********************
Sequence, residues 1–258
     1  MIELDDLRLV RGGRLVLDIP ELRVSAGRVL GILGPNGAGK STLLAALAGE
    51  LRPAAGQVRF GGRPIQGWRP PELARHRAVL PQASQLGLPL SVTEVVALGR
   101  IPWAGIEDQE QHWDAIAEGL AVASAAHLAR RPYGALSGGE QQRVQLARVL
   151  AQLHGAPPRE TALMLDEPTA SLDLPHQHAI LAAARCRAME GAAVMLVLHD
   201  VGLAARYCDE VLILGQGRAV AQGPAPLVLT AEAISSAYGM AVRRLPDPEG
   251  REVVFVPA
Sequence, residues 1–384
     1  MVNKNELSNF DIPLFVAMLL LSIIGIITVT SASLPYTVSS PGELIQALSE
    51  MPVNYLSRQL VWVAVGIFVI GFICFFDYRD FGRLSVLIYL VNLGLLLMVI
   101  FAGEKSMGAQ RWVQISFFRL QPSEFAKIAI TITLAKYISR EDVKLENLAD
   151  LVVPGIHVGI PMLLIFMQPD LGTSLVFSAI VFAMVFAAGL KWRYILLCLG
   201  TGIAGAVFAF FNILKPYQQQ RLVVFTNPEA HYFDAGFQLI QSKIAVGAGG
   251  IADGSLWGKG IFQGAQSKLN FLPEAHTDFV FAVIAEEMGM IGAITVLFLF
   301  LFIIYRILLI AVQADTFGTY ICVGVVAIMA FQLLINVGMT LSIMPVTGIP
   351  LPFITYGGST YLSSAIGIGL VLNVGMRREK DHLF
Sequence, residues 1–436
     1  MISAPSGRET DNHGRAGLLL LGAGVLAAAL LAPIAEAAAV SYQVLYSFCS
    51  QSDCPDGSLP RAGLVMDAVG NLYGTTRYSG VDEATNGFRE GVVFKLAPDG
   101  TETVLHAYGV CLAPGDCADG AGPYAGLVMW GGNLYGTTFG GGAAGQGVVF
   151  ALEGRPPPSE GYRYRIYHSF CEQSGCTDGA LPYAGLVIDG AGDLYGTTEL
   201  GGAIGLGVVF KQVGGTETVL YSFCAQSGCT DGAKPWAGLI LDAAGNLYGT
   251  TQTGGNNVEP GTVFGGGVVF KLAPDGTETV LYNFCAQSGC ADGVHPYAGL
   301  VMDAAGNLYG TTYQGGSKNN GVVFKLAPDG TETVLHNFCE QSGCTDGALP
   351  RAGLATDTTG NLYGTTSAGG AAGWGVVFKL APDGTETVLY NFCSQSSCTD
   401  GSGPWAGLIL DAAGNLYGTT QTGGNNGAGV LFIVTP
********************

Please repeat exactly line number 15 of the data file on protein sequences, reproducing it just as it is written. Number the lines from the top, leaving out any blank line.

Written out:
   301  LFIIYRILLI AVQADTFGTY ICVGVVAIMA FQLLINVGMT LSIMPVTGIP